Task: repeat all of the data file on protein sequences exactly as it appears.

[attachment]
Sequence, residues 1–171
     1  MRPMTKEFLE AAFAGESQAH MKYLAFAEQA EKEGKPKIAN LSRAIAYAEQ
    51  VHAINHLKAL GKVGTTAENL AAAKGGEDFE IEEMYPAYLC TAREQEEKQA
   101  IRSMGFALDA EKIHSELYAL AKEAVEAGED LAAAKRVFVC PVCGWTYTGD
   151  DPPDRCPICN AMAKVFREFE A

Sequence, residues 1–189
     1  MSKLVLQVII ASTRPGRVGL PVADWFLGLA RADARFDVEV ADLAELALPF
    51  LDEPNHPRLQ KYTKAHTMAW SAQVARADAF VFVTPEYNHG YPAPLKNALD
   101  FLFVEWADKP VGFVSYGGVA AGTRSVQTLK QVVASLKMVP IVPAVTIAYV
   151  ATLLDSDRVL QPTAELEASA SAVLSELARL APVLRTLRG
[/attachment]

Sequence, residues 1–171
     1  MRPMTKEFLE AAFAGESQAH MKYLAFAEQA EKEGKPKIAN LSRAIAYAEQ
    51  VHAINHLKAL GKVGTTAENL AAAKGGEDFE IEEMYPAYLC TAREQEEKQA
   101  IRSMGFALDA EKIHSELYAL AKEAVEAGED LAAAKRVFVC PVCGWTYTGD
   151  DPPDRCPICN AMAKVFREFE A

Sequence, residues 1–189
     1  MSKLVLQVII ASTRPGRVGL PVADWFLGLA RADARFDVEV ADLAELALPF
    51  LDEPNHPRLQ KYTKAHTMAW SAQVARADAF VFVTPEYNHG YPAPLKNALD
   101  FLFVEWADKP VGFVSYGGVA AGTRSVQTLK QVVASLKMVP IVPAVTIAYV
   151  ATLLDSDRVL QPTAELEASA SAVLSELARL APVLRTLRG